FATF Upset, Worried About Nations Being Slow in Regulating Crypto

The Financial Action Task Force (FATF) has voiced concerns about the lack of national implementation of the regulations it established to govern the virtual digital asset industry. According to a FATF analysis, there is an opportunity for illegal activity to flourish because of the delay in implementing and approving certain regulations pertaining to cryptocurrency. The organisation created a list of countries with the regulations that each one has enacted after analysing data spanning a full year.

A plan to improve the application of the FATF Standards on virtual assets and virtual asset service providers (VASPs) was approved by the FATF Plenary in February 2023. The FATF stated in an official article that “many countries have not yet fully implemented the FATF’s requirements on virtual assets and virtual asset service providers to prevent their misuse for illicit finance.”

The global financial watchdog, with its headquarters in Paris, has been working to find solutions for problems relating to criminals using cryptocurrency assets for money laundering or financing terrorism. In order to avoid being “grey listed,” the FATF informally mandated in November 2022 that nations adhere to its anti-money laundering (AML) laws.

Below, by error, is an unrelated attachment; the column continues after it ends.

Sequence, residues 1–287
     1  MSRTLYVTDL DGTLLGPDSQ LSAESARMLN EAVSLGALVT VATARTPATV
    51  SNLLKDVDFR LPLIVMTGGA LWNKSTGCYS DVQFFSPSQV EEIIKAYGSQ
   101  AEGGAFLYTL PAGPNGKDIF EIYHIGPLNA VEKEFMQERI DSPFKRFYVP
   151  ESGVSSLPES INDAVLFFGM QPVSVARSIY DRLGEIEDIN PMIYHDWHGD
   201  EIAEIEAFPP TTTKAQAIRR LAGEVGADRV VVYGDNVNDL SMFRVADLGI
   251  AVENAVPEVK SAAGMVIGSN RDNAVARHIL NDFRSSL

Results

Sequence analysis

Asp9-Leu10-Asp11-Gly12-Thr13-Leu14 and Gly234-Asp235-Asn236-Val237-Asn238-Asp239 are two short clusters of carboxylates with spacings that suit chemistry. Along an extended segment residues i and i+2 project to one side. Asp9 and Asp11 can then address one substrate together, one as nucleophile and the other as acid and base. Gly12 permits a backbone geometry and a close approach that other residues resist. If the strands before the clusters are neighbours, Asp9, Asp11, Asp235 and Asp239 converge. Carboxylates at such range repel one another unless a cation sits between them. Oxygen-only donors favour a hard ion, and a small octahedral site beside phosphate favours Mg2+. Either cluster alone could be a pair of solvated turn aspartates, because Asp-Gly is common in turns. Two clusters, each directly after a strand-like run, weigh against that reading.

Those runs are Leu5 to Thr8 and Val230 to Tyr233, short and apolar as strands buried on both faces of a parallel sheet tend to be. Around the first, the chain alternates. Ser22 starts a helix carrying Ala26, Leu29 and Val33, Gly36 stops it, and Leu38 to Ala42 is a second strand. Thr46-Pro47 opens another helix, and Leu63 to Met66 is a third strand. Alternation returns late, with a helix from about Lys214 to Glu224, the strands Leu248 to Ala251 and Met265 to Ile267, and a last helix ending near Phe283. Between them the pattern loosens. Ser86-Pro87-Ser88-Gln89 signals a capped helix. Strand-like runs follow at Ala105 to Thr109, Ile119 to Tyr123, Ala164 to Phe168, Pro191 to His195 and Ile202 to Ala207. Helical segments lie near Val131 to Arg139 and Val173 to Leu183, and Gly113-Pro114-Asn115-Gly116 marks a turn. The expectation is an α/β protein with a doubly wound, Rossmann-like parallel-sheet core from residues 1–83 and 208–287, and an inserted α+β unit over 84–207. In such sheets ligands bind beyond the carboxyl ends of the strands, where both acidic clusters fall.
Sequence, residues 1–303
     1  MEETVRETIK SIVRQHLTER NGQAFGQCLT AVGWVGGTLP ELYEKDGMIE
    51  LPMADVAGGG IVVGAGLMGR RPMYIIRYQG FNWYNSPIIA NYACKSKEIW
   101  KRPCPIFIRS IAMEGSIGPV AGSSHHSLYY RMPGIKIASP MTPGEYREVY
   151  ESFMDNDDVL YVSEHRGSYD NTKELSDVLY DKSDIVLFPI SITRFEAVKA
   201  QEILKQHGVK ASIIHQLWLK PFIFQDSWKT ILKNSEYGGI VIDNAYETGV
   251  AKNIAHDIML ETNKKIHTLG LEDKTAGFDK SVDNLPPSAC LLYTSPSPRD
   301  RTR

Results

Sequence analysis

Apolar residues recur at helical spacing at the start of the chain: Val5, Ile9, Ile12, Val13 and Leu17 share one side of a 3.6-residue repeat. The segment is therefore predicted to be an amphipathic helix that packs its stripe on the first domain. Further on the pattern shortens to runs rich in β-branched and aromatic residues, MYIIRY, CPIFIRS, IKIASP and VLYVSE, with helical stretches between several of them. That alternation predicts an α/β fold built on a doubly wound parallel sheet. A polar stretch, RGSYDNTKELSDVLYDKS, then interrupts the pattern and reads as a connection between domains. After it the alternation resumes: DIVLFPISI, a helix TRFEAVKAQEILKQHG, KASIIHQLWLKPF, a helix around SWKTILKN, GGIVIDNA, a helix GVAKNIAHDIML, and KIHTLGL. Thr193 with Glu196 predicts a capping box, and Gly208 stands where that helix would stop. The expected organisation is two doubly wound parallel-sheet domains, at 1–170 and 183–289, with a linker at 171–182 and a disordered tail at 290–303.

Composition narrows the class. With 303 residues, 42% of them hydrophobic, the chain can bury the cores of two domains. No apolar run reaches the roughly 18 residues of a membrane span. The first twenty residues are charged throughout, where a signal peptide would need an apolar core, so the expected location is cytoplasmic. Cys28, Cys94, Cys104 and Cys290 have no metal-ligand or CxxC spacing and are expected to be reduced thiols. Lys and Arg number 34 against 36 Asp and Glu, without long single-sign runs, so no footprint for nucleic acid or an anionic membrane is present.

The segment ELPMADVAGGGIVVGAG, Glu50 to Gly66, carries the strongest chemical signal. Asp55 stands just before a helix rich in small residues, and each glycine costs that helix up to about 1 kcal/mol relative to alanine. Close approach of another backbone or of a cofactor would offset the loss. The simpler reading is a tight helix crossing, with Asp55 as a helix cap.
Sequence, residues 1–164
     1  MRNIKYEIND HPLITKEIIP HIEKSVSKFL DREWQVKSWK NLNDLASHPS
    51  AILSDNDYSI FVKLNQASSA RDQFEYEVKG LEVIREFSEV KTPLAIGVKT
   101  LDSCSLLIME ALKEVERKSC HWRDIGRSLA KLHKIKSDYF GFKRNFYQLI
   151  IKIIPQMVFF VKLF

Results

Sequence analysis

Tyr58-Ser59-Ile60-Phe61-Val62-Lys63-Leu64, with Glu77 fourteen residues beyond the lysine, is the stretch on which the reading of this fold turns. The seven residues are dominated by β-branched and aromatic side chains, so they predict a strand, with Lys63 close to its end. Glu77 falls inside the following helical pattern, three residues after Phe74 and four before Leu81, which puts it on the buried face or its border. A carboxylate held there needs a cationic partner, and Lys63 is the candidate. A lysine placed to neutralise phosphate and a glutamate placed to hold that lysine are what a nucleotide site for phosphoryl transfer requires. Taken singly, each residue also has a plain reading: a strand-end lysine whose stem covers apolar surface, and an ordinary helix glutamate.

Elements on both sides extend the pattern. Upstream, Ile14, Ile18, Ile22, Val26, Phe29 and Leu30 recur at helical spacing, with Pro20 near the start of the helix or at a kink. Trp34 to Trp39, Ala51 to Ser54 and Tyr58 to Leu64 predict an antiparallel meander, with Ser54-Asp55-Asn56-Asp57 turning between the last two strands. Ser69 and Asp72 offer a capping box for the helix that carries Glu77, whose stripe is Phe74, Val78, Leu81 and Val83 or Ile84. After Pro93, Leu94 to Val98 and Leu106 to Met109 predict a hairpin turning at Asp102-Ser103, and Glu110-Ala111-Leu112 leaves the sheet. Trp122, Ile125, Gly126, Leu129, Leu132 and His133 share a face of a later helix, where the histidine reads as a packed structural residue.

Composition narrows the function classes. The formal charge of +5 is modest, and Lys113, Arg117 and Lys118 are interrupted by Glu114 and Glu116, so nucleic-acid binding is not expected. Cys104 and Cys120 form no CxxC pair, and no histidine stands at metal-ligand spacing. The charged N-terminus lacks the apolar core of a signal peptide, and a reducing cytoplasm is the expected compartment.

The FATF has mandated that all nations only permit licenced enterprises to deal with cryptocurrency assets, among other regulations. FATF has also directed countries to gather information about cryptocurrency asset senders and recipients, particularly regarding transactions that appear suspicious. The countries that have or have not met the requirements set forth by the FATF regarding cryptocurrency activity are indicated on the list that the organization has put together.

It appears that India has implemented all of the FATF’s regulations. On the other side, certain countries, like Australia, Finland, Greece, Malaysia, and Portugal, are still implementing FATF regulations.

Because virtual assets are by nature multinational and borderless, they can have major worldwide repercussions if they are not regulated in one country. This is very worrisome, as the group stated. The FATF network will be able to encourage governments with materially relevant VASP activity to completely and promptly implement Recommendation 15, thanks to the purposes of this table.

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